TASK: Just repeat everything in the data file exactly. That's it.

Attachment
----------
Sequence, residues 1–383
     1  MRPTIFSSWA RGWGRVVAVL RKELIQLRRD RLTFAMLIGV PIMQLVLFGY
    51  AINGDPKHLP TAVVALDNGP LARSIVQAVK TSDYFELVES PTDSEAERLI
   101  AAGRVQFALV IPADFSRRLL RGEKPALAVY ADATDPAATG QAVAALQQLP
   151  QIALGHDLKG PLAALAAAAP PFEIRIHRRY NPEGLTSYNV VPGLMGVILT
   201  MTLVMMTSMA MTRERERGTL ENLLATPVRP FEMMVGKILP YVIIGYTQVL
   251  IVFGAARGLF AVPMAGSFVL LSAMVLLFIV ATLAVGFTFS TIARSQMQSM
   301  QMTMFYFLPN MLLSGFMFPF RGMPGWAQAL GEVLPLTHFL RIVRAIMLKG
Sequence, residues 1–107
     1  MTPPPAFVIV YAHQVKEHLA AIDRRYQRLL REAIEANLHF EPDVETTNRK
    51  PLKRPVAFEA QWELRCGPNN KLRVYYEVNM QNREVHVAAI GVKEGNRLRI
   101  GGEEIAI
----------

Sequence, residues 1–383
     1  MRPTIFSSWA RGWGRVVAVL RKELIQLRRD RLTFAMLIGV PIMQLVLFGY
    51  AINGDPKHLP TAVVALDNGP LARSIVQAVK TSDYFELVES PTDSEAERLI
   101  AAGRVQFALV IPADFSRRLL RGEKPALAVY ADATDPAATG QAVAALQQLP
   151  QIALGHDLKG PLAALAAAAP PFEIRIHRRY NPEGLTSYNV VPGLMGVILT
   201  MTLVMMTSMA MTRERERGTL ENLLATPVRP FEMMVGKILP YVIIGYTQVL
   251  IVFGAARGLF AVPMAGSFVL LSAMVLLFIV ATLAVGFTFS TIARSQMQSM
   301  QMTMFYFLPN MLLSGFMFPF RGMPGWAQAL GEVLPLTHFL RIVRAIMLKG
Sequence, residues 1–107
     1  MTPPPAFVIV YAHQVKEHLA AIDRRYQRLL REAIEANLHF EPDVETTNRK
    51  PLKRPVAFEA QWELRCGPNN KLRVYYEVNM QNREVHVAAI GVKEGNRLRI
   101  GGEEIAI